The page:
By the time Smith was finishing up high school he was a national champion in both Greco Roman and freestyle. Soon after, he enrolled at Northern Michigan University, the site of the United States Olympic Education Center. Here, Robby came under the tutelage of former Olympian and World silver medalist Ivan Ivanov. The Greco Roman program at NMU had begun to produce startlingly effective results at the national level and Smith felt right at home. He was getting his first taste of Senior domestic and international competition, placing in events and figuring out that he belonged. Smith made the Junior World Team, won the University Nationals, and in 2008 placed fifth at the US Olympic Team Trials, losing to eventual Olympic bronze medalist Adam Wheeler in the semifinals. It was starting to come together. Robby was a legitimate contender on the national level and seemingly on the cusp of breaking through.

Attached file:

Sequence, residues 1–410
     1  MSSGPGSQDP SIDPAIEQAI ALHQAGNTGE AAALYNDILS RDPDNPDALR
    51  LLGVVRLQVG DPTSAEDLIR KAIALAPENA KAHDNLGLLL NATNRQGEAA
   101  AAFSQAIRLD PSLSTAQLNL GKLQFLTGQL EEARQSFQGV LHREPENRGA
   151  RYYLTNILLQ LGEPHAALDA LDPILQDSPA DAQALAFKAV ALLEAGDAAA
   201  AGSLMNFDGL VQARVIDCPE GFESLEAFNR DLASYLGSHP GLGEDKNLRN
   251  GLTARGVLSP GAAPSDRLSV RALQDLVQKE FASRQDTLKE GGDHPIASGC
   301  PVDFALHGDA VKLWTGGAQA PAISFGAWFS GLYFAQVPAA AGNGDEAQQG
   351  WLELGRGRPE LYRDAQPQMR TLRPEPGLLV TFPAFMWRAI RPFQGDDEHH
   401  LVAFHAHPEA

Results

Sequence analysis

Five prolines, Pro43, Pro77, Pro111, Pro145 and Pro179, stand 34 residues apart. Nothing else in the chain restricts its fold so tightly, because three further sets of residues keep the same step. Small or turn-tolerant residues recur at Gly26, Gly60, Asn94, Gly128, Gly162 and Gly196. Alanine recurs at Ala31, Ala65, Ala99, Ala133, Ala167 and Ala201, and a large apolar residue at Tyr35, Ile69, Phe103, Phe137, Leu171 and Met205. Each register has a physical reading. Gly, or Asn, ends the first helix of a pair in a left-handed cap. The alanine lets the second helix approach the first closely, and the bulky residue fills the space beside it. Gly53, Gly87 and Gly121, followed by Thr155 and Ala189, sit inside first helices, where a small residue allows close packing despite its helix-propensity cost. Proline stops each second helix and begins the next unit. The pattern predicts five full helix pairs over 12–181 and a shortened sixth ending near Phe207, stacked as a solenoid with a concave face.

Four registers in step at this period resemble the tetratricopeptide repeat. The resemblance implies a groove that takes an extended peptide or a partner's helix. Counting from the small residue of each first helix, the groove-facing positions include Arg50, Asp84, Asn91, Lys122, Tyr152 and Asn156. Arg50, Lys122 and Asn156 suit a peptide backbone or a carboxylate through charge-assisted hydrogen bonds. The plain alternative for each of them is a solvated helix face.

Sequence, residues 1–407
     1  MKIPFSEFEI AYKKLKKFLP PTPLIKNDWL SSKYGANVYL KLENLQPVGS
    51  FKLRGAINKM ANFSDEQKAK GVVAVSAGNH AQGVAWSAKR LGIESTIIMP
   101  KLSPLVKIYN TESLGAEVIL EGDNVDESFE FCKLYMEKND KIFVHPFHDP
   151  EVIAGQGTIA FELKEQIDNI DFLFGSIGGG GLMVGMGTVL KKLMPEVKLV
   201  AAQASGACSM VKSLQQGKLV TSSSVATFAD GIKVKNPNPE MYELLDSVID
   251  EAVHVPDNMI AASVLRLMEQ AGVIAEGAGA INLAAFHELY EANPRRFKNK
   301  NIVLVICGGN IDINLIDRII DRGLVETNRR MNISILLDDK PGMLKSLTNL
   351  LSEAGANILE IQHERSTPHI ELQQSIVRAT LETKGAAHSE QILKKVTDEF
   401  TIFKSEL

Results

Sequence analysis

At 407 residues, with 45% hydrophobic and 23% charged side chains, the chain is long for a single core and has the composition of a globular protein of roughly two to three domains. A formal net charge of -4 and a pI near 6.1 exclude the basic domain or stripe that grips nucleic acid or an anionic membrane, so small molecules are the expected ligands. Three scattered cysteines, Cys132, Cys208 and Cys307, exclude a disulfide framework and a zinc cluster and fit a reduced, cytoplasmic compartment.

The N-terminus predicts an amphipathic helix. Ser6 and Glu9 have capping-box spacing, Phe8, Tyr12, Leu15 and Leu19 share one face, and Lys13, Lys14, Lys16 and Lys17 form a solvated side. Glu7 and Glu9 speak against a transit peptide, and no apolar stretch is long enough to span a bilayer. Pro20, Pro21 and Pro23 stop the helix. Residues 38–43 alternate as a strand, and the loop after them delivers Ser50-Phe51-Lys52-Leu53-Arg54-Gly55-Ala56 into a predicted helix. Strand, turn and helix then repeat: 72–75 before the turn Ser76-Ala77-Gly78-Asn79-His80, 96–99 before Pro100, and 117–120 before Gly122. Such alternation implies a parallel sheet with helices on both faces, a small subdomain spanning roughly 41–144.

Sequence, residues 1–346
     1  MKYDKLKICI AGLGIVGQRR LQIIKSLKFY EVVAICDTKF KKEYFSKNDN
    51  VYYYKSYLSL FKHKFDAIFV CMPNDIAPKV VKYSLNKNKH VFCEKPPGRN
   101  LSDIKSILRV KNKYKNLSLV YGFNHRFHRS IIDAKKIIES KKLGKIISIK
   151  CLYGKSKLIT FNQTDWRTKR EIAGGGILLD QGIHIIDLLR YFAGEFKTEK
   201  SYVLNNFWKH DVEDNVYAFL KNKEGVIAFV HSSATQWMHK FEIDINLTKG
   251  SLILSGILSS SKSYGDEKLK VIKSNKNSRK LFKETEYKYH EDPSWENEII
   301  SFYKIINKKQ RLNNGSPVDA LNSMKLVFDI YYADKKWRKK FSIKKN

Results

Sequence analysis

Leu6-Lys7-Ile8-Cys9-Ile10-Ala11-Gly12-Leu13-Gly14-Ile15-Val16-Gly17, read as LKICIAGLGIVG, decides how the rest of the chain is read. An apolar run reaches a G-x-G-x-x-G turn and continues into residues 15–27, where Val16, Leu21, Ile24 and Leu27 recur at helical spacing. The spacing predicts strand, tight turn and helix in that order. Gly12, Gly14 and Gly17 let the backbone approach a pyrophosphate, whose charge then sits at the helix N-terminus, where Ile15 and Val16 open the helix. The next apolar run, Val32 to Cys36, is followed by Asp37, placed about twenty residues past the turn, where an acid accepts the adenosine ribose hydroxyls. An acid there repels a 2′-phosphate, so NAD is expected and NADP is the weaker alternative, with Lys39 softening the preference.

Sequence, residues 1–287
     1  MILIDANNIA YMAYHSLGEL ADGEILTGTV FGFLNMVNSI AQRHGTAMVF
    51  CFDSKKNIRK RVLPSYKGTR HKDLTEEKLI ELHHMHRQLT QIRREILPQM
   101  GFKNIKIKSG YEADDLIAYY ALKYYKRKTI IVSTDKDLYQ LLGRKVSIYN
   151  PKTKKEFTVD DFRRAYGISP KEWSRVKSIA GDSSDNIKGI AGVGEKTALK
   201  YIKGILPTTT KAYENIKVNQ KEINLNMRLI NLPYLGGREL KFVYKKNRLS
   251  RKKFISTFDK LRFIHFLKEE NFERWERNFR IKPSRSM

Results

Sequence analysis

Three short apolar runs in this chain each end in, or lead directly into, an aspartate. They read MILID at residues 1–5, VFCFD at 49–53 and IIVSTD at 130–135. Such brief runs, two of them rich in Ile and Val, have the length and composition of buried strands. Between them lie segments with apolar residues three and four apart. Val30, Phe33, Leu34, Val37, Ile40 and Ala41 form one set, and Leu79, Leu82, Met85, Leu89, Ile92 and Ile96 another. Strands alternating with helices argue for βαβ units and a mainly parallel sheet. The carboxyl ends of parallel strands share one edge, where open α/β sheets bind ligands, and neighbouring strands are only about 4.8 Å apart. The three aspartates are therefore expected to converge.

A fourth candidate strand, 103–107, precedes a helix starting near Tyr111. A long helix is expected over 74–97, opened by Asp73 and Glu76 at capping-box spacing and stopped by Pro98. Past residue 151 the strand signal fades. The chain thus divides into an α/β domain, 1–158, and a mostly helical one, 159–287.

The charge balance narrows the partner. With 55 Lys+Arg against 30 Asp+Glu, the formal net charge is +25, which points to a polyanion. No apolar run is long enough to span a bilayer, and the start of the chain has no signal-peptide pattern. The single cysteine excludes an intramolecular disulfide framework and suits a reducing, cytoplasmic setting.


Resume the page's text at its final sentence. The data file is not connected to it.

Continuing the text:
Another quad came and went with a change in weight class on the horizon. Smith originally cut his teeth on the Senior circuit at 96 kilograms but the juice was no longer worth the squeeze. “He had a hard time making weight,” says Rob. “At one point at 96 kilos I told him, ‘You’re done. I’m not going through this again.’” The move up did more than satisfy Rob’s desire to not see his son suffer anymore. It also catapulted Robby full-time into the weight division once locked down by legendary Olympians Matt Ghaffari and Rulon Gardner, two heroes of Smith’s growing up. However, another heavyweight kingpin was still around, former World silver medalist Dremiel Byers. Byers, who made his second and final Olympic squad in 2012, might have been nearing the end of his rope in 2013 but remained a looming presence.